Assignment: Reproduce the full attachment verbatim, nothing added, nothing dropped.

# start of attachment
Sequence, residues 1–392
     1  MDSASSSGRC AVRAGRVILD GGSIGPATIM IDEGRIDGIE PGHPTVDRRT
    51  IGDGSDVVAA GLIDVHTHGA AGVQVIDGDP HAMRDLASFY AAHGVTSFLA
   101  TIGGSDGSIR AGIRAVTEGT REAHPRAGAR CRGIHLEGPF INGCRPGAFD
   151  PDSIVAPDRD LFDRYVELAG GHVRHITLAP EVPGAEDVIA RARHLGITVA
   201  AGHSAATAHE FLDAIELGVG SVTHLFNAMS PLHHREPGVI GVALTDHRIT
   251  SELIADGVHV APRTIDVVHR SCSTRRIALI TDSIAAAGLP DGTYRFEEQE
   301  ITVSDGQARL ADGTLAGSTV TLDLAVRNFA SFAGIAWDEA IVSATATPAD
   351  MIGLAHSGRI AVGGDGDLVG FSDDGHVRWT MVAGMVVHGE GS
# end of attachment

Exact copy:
Sequence, residues 1–392
     1  MDSASSSGRC AVRAGRVILD GGSIGPATIM IDEGRIDGIE PGHPTVDRRT
    51  IGDGSDVVAA GLIDVHTHGA AGVQVIDGDP HAMRDLASFY AAHGVTSFLA
   101  TIGGSDGSIR AGIRAVTEGT REAHPRAGAR CRGIHLEGPF INGCRPGAFD
   151  PDSIVAPDRD LFDRYVELAG GHVRHITLAP EVPGAEDVIA RARHLGITVA
   201  AGHSAATAHE FLDAIELGVG SVTHLFNAMS PLHHREPGVI GVALTDHRIT
   251  SELIADGVHV APRTIDVVHR SCSTRRIALI TDSIAAAGLP DGTYRFEEQE
   301  ITVSDGQARL ADGTLAGSTV TLDLAVRNFA SFAGIAWDEA IVSATATPAD
   351  MIGLAHSGRI AVGGDGDLVG FSDDGHVRWT MVAGMVVHGE GS